One year away from what is bound to be a huge tenth birthday party in 2018, this year’s Tramlines provided the biggest and most eclectic lineup to date and Halfway 2 Nowhere was there to document it all. From the main stages, to the smallest fringe stages and everything in between, we made sure our first experience of Sheffield’s premier annual event was done right.
Arriving late on Friday afternoon, unfortunately we missed Liberty Ship a band we’ve followed for some time. Reading the reviews the morning after it sounds like the young band gave a sterling performance on main stage and had they had a prime slot the following night, would have drawn a huge crowd.
The grey skies dominated Sheffield into the early evening but the sun persisted and came through for Twin Atlantic’s main stage set. With a very untypically slow start, playing three relatively unknown tracks, it took The Chaser to lift the Libertines dominated crowd. What followed was a set full of hits from their three mainstream records with Ex El and Make A Beast of Myself the stand out tracks. With the Tramlines main stage sound understandably quiet, it certainly wasn’t the most brash and best Twin Atlantic performance we’ve seen but as ever, Sam and the band gave it everything they had and they let their fans close out the show with huge hit Heart and Soul in a great way.
Photo Credit: Twin Atlantic Facebook Page
Regardless of the extortionate bar prices for an inner city festival, the crowd were in extremely good spirits and as the main act of the night came on to stage, there were huge roars for Tramlines’ biggest artist of the weekend. As is often the case with a Libertines show, many people in the crowd were reserved until Can’t Stand Me Now came on but the seven preceding songs were performed in typical Libertines style and the band were certainly on form. Rifling through all the classics from the early 00’s the band came back to the biggest sing along of the night Don’t Look Back Into The Sun. It was a resounding success of a set and the band went well over curfew providing their adoring fans everything they could have asked for to kick off their Tramlines weekend.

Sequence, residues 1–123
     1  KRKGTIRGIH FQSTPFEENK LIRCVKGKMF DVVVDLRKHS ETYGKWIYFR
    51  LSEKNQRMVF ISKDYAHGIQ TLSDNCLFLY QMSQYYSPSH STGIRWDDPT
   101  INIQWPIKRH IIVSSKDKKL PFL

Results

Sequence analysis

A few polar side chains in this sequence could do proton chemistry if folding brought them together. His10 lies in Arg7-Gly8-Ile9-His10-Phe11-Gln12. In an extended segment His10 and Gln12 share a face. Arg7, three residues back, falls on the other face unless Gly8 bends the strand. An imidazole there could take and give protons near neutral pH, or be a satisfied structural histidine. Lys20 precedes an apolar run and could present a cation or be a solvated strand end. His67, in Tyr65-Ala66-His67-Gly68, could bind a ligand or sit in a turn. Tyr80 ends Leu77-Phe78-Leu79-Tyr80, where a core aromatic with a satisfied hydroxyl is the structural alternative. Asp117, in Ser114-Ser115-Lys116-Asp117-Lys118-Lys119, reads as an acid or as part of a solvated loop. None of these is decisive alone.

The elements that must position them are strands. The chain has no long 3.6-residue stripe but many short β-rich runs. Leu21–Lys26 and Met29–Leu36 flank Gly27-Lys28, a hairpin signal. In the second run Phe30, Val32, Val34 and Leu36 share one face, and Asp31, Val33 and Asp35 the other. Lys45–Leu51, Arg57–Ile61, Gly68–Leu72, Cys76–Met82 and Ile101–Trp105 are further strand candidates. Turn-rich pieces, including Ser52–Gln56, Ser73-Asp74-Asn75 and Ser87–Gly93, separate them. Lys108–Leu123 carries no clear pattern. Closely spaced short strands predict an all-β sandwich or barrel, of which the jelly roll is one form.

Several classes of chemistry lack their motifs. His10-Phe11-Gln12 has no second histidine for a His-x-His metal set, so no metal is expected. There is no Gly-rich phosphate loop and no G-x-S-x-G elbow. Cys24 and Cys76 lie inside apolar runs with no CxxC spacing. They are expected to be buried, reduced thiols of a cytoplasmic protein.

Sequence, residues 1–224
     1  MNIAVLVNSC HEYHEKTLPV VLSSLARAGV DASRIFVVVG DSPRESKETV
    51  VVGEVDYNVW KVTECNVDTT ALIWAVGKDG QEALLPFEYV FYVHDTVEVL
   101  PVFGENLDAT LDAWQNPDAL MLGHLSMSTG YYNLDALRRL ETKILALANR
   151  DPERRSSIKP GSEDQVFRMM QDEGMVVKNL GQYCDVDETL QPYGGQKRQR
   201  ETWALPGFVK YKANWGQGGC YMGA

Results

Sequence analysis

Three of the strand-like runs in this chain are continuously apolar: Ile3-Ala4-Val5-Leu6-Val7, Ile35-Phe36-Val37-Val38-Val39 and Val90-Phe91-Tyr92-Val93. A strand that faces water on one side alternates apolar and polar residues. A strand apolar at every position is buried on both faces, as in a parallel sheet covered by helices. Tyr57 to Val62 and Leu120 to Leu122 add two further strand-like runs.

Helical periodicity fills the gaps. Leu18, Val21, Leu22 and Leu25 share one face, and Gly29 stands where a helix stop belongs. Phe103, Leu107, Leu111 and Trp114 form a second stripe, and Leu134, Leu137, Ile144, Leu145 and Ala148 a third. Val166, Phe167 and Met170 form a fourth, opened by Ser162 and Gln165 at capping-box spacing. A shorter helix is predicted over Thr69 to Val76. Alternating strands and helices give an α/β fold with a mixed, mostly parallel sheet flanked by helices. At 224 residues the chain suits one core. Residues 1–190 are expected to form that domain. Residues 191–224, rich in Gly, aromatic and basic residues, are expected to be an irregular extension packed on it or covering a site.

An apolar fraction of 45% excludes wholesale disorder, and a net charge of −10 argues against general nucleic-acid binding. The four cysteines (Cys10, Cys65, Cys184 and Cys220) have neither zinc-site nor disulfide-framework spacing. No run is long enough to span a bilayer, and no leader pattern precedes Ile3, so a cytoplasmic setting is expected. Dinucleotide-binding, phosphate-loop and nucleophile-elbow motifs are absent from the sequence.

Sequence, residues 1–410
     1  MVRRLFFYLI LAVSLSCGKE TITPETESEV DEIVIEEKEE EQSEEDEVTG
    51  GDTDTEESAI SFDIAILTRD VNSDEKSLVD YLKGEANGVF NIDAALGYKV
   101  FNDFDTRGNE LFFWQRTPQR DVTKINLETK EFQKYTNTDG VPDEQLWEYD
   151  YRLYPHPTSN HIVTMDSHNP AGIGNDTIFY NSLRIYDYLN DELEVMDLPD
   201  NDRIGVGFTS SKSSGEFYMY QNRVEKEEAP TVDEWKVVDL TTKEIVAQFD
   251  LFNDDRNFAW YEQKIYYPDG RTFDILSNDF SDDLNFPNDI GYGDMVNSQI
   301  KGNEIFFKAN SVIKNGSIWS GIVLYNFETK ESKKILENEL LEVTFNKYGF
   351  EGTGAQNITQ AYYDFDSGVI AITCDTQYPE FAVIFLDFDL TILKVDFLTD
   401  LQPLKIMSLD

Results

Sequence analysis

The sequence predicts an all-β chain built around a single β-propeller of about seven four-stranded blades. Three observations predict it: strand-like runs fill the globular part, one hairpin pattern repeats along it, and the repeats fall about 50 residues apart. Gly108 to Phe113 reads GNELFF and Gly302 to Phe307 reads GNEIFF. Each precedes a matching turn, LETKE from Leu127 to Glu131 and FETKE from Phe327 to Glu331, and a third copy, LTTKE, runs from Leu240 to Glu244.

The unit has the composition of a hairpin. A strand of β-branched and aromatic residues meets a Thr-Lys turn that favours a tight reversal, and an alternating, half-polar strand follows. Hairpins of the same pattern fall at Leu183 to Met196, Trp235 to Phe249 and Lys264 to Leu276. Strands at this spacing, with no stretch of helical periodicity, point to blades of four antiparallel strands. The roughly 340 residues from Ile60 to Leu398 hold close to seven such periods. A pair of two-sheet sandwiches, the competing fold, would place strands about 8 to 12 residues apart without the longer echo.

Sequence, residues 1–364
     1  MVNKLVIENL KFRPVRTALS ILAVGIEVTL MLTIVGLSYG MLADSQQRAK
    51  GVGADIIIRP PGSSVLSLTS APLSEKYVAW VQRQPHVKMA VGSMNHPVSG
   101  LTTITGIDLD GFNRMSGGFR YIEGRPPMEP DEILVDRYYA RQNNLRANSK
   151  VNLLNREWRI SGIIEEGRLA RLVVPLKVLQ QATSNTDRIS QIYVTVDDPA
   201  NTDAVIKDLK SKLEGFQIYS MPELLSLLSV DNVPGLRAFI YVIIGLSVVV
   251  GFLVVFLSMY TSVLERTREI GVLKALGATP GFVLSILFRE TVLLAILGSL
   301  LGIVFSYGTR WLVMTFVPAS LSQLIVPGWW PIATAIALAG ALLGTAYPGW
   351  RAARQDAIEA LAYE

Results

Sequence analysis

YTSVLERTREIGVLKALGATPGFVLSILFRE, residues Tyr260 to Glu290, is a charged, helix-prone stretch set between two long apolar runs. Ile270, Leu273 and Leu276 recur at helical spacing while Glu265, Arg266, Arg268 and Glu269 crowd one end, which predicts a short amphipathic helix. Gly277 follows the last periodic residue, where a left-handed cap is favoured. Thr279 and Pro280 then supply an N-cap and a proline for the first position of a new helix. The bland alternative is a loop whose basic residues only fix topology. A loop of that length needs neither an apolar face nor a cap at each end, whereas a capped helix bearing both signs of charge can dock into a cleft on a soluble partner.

The highlight of the night however was back down on Carver Street at 10:15pm. The arrival of Billy Bibby and the Wry Smiles to the Crystal Stage was one that was met with huge cheers not too dissimilar to what the Libertines had earlier achieved on the main stage. I have a lot of time for Billy Bibby. If you ask me the music he produces is better quality than that of his previous band and the group of musicians he has with him currently seem so tight on stage. The performance was flawless and I left wanting a lot more. Halfway 2 Nowhere recently interviewed Billy and his band so keep a look out for that over the summer.
Nobody likes the first morning after night one of a festival. Saturday morning at Tramlines was much the same but we were up bright and early to get ourselves back to where we left the night before to catch Cabezudos at the Crystal Stage. The band kindly played for us at a show raising money for Oxfam earlier in the week and they blew us away so much it was impossible to miss them at Tramlines, The band from Liverpool have a huge future with a blistering rock n roll set with huge indie hooks blended in. It was a well performed set and we spent most of the day getting to know the guys. Hopefully we will work with the band again very soon – without doubt the highlight of our weekend.